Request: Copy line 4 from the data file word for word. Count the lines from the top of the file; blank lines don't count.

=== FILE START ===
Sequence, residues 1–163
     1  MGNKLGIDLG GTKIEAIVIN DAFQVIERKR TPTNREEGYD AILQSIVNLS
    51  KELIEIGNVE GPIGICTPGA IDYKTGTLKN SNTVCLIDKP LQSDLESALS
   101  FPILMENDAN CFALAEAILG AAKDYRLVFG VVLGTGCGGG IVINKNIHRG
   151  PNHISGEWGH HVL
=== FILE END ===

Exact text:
   101  FPILMENDAN CFALAEAILG AAKDYRLVFG VVLGTGCGGG IVINKNIHRG